Violin virtuoso Arthur Williams (Clarence Muse) is so proud to have been able to perform for a packed house within the African American community. To perform for & receive such warm reception from "my people" is more rewarding to him than to play for all the broader world.
On the cusp of world success he is injured in a car accident & his arm & hand are broken. When the bones have knit, it's discovered he has nerve damage & cannot fully open his hand. He is the first of the film's simultaneously literal & symbolic Broken Strings (1940).
With a paralyzed hand he has no choice but to put his dreams into his talented son Johnny (William Washington). But he cannot stand that Johnny wants to play swing. With his bad temper since losing his own dream, he comes down hard on the boy's jazz interests, to the point of actual abuse.
He's also abusive to the lackluster students he has taken in to try to make a little money for him & his two children to get by. Eventually he loses all his clients except young Dickey (Stymie Beard), who is something of a social rival or nemesis for Johnny, though only half as talented on the violin.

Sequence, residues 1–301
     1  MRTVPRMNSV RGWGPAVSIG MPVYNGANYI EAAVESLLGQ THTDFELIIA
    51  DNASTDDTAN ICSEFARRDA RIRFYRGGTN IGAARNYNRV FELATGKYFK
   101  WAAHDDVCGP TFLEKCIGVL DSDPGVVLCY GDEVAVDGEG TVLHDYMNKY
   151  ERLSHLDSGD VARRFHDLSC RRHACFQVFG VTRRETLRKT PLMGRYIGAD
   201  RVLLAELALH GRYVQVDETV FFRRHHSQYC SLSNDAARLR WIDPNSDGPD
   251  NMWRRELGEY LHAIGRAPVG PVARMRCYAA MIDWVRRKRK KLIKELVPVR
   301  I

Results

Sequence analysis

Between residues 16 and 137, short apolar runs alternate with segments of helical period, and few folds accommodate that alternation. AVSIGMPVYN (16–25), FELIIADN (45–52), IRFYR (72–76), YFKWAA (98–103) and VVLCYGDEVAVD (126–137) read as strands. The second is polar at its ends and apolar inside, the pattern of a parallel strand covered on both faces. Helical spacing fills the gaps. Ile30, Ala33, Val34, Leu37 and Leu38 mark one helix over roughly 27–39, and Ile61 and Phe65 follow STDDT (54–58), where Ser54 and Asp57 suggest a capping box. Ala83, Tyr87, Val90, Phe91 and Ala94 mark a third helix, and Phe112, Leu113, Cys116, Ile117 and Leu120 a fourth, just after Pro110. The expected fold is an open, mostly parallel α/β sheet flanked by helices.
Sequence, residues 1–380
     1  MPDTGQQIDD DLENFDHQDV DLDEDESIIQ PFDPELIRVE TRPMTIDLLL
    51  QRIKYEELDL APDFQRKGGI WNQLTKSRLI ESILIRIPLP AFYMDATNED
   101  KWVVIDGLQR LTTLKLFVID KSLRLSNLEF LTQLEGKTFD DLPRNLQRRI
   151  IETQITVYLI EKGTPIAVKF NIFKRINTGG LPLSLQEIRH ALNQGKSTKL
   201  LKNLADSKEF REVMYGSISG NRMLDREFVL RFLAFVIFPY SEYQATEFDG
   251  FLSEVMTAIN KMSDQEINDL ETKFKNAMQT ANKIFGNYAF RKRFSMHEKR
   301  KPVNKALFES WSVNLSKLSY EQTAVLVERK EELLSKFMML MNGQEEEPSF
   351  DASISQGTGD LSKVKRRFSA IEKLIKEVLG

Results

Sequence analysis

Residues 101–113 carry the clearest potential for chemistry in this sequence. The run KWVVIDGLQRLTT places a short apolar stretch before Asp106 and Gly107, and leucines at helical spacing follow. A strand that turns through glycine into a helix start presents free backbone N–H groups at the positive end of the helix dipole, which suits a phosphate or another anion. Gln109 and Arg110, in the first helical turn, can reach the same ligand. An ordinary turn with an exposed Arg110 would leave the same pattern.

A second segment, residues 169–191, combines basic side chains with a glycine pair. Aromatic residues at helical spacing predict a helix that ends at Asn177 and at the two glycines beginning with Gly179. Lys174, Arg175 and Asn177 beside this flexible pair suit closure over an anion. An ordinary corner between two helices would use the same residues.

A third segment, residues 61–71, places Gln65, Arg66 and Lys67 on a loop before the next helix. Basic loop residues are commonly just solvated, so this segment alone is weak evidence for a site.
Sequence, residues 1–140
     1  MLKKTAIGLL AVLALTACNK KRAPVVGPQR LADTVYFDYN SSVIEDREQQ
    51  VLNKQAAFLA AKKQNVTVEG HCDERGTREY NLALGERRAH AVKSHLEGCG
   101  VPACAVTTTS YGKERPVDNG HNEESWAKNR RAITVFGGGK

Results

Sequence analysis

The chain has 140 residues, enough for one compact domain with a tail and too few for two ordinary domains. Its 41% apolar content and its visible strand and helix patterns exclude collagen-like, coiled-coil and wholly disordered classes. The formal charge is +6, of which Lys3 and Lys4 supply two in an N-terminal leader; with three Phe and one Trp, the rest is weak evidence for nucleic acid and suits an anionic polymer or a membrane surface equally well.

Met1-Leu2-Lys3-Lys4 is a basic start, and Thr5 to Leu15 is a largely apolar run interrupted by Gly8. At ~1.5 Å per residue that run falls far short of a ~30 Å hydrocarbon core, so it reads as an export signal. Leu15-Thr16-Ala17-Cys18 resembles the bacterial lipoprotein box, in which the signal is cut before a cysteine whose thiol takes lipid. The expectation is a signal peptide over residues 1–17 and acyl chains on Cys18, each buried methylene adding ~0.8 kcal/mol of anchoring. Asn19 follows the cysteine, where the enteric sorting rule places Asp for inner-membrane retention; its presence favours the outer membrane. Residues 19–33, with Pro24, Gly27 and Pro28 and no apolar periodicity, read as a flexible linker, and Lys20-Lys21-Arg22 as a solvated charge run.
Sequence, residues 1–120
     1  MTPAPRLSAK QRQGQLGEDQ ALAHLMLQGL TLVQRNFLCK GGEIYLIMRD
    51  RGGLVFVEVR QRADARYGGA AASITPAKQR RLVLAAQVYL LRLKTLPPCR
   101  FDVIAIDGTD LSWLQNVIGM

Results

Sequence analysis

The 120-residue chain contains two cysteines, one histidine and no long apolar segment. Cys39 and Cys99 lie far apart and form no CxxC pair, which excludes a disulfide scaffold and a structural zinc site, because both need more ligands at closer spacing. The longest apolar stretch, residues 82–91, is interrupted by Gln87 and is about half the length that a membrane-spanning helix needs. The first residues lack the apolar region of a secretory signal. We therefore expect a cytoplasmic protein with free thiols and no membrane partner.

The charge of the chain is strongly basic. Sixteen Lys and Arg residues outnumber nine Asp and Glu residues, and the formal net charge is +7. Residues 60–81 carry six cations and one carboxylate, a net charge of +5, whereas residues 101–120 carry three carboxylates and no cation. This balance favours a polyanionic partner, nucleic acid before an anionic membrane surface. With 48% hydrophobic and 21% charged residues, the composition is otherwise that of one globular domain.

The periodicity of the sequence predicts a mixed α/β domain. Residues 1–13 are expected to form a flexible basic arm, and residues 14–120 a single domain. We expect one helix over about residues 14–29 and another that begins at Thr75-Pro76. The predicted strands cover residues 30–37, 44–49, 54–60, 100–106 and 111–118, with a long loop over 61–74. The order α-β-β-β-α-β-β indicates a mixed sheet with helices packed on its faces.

The real breadwinner of the household is Arthur's eldest child, Grace (Sybil Lewis), who is being sexually harassed at her job. When her boss learns she's engaged to another man in the company, he tries to frame the guy as a thief, then fires him, & tells Grace that if she doesn't like it she can quit too. Which she does, though it's the worst possible timing for unemployment.
Grace had taken her father to a neurology specialist (Jess Lee Brooks) who was willing to wave his surgical fee to operate on Arthur's paralysed hand, but they nevertheless had to come up with $500 for the hospital's fees. The family is as broke as can be. So Johnny, assisted by the equally young piano accompanyist Mary (Tommiwitta Moore), finagle a job at a local jazz club, despite their age. They start saving up their earnings for Johnny's dad's hand operation.